Thursday, July 21, 2011

Is Abstract Art Really Best for Classroom Walls?

Evidently the answer is yes, at least according to this post at dialogueonlearning.com. Give it a read and let us know what you think.

"We can greatly improve the physical environment of our learning spaces by adding colorful, visually appealing posters, pictures or other graphic images to the walls. Although we are living in a visual age, visual cues have been extremely important for survival for humans throughout the millennia.  In other words, responding to visual stimuli is hard-wired into our brains. A classroom that is visually appealing adds to the comfort level and can help to reduce stress and promote a sense of community.  According to Jensen (2000a), the brain is capable of registering 36,000 visual massages per hour.  Between 80-90% of information that the brain absorbs is visual.   Making use of color is very helpful in getting the brain's attention. Jensen cites a study by Vuontela in 1999 that indicates memory of verbal cues is enhanced by color.
Researchers "speculate that abstract art may be especially potent.  Because of its hidden meanings and atypical shapes and contours, abstract art, like abstract thinking, requires the viewer to 'step out of reality' and make use of more cognitive regions--a process that Rose (1991) calls 'tension and release.' The process calls for the viewer to take in the art as a whole, then visually and mentally dissect it, and finally put it back together to gain meaning.  This stimulates the brain's occipital lobe (which controls vision and spatial and geometric functions), the temporal lobe (non-verbal pattern recognition), and the cerebrum (sensory interpretation, thinking and memory).  Because more brain areas are stimulated and used than in routine observation, the brain gets a heightened mental workout which can enhance perception and learning, states Rose."  (Jensen & Dabney, 2000, p. 79).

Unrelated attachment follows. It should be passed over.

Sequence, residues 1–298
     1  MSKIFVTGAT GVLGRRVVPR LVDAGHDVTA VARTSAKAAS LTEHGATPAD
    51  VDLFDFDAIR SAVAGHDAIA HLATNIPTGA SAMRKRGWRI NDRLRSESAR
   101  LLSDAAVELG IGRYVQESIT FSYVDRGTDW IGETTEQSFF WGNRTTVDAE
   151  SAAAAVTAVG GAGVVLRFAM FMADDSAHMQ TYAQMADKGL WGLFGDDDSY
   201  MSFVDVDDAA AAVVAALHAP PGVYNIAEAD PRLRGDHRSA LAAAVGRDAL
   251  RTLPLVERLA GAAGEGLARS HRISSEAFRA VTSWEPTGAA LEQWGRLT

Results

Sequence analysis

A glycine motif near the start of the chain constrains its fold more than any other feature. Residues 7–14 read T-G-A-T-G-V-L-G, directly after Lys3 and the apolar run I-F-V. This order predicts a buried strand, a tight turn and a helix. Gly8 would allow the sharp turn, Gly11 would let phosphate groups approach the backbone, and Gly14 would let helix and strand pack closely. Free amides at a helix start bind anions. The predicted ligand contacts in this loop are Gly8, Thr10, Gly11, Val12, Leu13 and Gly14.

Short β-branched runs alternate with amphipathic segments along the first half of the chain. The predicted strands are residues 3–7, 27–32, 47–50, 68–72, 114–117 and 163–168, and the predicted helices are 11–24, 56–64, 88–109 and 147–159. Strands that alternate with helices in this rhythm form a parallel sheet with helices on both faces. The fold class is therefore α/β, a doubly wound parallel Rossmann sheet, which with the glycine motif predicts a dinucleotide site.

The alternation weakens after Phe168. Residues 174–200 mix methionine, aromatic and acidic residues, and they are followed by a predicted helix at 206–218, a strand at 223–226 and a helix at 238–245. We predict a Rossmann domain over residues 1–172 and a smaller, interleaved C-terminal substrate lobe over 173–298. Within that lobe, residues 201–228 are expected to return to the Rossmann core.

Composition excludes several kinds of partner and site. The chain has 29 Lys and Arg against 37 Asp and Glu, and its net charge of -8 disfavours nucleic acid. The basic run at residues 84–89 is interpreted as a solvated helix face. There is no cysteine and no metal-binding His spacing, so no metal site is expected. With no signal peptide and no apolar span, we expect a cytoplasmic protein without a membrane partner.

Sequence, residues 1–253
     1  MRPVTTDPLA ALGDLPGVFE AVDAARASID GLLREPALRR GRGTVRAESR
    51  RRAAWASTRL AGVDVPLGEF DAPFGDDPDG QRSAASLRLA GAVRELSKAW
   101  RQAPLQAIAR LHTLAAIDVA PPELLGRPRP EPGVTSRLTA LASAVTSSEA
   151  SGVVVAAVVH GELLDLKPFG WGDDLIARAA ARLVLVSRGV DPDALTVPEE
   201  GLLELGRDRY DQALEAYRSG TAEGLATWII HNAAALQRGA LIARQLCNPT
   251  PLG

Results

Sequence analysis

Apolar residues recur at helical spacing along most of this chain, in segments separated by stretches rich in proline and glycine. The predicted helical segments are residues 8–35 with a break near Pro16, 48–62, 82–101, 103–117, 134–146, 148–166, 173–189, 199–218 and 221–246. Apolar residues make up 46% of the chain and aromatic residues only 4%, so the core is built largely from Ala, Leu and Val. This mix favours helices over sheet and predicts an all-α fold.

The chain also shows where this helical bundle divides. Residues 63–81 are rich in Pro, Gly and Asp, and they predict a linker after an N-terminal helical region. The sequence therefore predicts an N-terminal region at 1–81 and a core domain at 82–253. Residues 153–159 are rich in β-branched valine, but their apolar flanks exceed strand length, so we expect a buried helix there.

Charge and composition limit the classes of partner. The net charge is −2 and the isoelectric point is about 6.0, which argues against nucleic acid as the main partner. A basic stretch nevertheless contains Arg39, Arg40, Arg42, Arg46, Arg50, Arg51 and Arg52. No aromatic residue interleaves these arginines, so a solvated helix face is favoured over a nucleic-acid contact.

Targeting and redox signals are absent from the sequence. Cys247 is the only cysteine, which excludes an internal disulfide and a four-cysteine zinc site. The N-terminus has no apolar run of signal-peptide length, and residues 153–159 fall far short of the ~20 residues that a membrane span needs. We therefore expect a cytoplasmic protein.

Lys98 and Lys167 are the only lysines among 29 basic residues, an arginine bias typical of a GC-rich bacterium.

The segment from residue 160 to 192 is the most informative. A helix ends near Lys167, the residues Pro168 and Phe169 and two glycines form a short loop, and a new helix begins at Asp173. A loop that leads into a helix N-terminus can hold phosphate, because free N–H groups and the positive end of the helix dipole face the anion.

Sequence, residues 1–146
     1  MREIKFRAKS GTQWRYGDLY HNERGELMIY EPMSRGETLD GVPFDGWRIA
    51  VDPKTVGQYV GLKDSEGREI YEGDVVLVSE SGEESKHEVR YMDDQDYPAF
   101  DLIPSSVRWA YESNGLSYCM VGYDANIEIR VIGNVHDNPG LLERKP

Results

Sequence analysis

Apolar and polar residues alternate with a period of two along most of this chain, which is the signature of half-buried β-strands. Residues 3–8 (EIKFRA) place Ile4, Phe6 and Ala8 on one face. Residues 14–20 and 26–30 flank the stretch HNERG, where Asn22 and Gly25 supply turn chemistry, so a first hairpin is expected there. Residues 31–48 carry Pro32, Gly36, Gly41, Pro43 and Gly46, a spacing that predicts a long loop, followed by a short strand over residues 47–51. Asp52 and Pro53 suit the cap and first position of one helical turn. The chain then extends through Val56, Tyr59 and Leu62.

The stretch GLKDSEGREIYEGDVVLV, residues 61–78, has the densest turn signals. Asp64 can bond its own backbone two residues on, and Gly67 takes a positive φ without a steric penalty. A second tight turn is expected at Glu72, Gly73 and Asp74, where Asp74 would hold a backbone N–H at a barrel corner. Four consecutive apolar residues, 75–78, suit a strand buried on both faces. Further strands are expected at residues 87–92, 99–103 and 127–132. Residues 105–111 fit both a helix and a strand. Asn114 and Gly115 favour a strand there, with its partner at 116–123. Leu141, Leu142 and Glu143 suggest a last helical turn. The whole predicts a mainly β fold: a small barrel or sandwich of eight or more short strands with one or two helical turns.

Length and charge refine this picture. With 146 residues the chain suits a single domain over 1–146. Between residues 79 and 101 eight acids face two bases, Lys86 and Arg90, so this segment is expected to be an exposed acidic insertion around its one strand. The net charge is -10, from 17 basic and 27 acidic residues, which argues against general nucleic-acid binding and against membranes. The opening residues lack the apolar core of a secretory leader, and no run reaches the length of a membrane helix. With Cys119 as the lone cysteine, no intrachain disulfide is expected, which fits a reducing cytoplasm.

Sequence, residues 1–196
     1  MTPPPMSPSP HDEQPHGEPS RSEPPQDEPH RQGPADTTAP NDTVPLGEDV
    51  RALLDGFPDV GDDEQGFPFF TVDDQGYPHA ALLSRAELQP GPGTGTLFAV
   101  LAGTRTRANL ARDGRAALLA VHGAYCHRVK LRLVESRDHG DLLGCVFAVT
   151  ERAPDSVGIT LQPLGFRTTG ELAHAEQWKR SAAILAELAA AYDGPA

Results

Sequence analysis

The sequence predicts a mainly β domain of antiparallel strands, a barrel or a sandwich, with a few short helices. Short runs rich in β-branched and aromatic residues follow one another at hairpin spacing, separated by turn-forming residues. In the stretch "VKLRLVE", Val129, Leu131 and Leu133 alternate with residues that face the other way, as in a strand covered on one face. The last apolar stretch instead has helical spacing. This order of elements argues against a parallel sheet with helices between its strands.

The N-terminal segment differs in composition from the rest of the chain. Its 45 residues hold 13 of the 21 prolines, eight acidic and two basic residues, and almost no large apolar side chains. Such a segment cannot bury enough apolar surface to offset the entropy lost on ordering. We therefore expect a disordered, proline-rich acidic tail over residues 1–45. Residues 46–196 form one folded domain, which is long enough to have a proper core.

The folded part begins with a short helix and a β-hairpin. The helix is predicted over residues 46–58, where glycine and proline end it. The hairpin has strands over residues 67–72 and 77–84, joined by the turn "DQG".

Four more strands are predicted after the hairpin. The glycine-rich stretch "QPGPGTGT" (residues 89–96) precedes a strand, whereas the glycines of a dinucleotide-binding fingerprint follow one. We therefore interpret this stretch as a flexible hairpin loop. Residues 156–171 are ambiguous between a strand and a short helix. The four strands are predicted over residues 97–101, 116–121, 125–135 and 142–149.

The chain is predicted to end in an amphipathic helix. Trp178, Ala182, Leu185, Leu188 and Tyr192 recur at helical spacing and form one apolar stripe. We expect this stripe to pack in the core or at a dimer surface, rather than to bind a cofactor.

If you were wondering what colors were best for classroom walls, the site offers the following thoughts:
"We have long known that color can affect our moods and emotions.  Most people are aroused by the warm colors (red, orange, and yellow), but feel more relaxed with the cooler colors.  In Brain-Based Learning (2000a), Jensen suggests that the optimal classroom colors are yellow, light orange, beige, or off-white, based on a study by Robert Gerard of the University of California done in 1991."


Hmmmmm....I'll have to think more on those colors....

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